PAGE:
One worker has admitted to his misdeeds and is paying back the college district; and several corrective measures have been put in place. Both were terminated. The news comes in the wake of six other 2010-2012 cases of misappropriated funds by district employees verified by the state auditor last fall.

    Washington combined cancer rates tops in western counties

    by Danning Chen March 15th, 2013

    Five years of data from the National Cancer Institute’s State Cancer Profiles database show that within Washington state, the overall rate of cancer is highest in western counties and lowest in rural and eastern counties. From 2005 through 2009 it was highest in Mason County, at an annual average rate of 554.6 cases per 100,000 population versus 476 per 100,000 across the whole state. Among the state’s 39 counties the rest of the top 10 for 2005-2009 in overall cancer rate, in order, are Grays Harbor, Whatcom, Pierce, Snohomish, Skagit, Thurston Jefferson, Cowlitz and Kitsap. King County ranked 13th. Lowest overall cancer rates were, in order, in the counties of Klickitat, Skamania, Garfield, Asotin and Ferry. Hover over any Washington county in the mapped visualization below to get its overall – known as “all types” – cancer rate, and also use the pull-down menu to select mapped data by Washington county on rates of breast, lung and prostate cancer. A tab atop the map also provides access to U.S. cancer rates by state, for 2009. As we reported recently, Washington ranked 13th among 50 states in the “all types” rate in 2009, but first in breast cancer.

    For breast cancer by county in Washington for 2005-09, Walla Walla County had the highest annual average rate, 159.4 diagnosed cases per 100,000 population. It was followed by the counties of Mason, Cowlitz, Snohomish, Whatcom, King and Thurston. Douglas County had the highest rate of prostate cancer, followed by San Juan, Chelan and Whitman. Grays Harbor County had far and away the highest rate of cancer of the lung and bronchus.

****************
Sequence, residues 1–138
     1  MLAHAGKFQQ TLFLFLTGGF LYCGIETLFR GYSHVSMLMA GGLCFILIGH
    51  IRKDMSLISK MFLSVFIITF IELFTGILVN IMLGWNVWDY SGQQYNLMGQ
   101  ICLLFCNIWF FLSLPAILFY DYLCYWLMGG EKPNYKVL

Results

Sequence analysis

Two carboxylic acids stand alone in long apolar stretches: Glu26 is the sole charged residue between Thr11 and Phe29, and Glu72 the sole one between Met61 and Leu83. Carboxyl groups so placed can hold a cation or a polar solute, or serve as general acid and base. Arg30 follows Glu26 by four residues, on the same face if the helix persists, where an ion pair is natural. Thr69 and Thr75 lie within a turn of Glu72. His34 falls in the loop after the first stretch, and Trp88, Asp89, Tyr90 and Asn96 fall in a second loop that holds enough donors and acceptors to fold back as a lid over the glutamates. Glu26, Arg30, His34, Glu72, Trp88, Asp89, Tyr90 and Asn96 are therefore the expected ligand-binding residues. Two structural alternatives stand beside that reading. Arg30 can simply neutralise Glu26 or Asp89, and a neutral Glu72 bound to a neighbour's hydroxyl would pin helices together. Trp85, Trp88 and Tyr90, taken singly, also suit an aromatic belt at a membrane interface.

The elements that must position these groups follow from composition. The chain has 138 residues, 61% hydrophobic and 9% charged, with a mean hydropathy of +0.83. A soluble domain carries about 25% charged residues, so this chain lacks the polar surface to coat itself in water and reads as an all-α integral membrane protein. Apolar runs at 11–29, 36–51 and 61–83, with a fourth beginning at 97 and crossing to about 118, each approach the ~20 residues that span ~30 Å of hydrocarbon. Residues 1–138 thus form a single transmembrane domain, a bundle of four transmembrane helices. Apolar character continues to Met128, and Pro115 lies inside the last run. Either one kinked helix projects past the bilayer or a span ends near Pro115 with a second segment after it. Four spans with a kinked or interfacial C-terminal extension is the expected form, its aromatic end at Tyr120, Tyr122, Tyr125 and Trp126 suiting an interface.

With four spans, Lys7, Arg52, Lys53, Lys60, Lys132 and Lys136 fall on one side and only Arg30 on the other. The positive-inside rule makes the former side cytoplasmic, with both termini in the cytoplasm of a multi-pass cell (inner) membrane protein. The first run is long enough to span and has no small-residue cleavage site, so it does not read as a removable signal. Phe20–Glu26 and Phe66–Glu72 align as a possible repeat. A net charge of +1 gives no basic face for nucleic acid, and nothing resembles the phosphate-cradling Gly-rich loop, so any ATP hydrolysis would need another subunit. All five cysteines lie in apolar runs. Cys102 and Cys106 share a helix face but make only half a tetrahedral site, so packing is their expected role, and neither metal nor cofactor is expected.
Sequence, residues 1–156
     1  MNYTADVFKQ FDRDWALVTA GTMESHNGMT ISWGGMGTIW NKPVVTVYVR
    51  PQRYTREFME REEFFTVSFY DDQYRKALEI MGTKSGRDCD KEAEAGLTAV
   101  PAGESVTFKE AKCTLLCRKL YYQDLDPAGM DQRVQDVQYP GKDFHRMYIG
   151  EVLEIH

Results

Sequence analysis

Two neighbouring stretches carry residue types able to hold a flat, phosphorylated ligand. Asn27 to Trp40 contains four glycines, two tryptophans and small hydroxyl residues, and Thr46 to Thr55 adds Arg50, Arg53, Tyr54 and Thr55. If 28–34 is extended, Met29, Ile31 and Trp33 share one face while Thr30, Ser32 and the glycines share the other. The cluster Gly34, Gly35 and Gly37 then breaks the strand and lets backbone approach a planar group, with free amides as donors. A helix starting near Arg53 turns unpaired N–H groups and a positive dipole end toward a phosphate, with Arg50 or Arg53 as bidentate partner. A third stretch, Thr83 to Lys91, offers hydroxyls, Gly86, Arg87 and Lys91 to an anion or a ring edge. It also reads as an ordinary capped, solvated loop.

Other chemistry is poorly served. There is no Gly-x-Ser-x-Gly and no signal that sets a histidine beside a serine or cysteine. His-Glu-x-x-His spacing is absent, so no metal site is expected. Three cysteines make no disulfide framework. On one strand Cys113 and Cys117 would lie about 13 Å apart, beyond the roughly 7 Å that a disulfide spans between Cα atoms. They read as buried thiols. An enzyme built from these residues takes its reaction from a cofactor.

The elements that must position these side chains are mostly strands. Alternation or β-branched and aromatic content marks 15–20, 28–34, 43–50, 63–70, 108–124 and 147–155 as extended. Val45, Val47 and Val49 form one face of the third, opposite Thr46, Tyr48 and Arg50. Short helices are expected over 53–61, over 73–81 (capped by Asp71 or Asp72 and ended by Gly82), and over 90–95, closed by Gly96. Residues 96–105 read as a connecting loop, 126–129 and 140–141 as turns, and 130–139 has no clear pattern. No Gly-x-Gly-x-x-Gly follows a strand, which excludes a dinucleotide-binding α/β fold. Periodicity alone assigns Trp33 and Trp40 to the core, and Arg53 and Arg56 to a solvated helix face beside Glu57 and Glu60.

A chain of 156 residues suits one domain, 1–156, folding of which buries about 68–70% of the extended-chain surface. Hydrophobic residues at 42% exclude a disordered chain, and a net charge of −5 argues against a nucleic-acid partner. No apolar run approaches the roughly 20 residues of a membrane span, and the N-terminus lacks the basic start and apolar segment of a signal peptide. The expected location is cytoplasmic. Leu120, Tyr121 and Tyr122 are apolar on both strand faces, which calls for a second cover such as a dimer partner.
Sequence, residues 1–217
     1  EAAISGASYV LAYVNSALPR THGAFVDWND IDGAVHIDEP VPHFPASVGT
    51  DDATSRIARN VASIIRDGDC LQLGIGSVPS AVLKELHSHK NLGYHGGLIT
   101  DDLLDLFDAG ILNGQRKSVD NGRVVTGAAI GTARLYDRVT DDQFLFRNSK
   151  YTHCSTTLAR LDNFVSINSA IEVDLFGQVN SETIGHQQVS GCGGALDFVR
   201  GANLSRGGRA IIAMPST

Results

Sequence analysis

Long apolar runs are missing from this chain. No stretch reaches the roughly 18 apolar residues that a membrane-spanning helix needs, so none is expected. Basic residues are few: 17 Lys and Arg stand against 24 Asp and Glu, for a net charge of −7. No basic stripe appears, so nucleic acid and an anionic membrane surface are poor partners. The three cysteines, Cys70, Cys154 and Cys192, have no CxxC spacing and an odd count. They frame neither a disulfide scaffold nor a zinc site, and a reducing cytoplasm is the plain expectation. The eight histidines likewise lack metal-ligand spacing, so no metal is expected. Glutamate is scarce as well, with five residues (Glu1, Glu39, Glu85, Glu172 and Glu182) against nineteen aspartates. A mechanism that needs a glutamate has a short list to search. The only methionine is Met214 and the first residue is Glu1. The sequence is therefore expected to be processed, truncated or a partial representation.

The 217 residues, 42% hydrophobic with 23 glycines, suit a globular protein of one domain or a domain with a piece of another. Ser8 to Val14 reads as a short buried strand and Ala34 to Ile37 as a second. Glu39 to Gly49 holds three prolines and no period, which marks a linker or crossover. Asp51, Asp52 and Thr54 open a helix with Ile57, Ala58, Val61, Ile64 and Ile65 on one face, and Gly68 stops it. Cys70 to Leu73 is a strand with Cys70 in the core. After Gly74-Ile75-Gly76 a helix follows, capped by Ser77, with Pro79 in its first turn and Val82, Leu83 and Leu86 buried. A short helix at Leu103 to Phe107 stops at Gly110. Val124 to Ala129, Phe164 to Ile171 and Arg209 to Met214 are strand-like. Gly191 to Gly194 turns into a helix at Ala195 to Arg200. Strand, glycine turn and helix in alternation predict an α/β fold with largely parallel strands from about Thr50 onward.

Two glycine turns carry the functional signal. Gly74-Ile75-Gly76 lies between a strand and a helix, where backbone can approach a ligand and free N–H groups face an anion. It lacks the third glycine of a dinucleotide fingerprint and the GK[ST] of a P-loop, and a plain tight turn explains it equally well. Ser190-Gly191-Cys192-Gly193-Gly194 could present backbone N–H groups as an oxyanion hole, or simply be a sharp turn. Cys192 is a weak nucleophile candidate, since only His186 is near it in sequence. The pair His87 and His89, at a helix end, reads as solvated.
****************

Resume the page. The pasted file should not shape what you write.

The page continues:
Contributing to the “all types” rates, according to NCI, are “all invasive cancer sites combined, bladder, breast, brain, cervix, childhood cancers all sites combined, colon and rectum, esophagus, kidney, leukemias, liver and bile duct, lung and bronchus, melanomas of the skin, non-Hodgkin lymphoma, oral cavity and pharynx, ovary, pancreas, prostate, stomach, thyroid, and uterus.”

    (UPDATE: Why one county has a higher rate than another is hard to determine precisely. However in a backgrounder the Washington State Department of Health notes that cancer risk factors include exposure to tobacco and second-hand smoke, excessive alcohol use, excessive exposure to ultraviolet rays from the sun or tanning beds, lack of a diet rich in fruits and vegetables, unhealthy weight, physical inactivity, and not regularly seeking medical care. Additionally, the National Cancer Institute provides an online collection of fact sheets on risks related to different types of cancer.)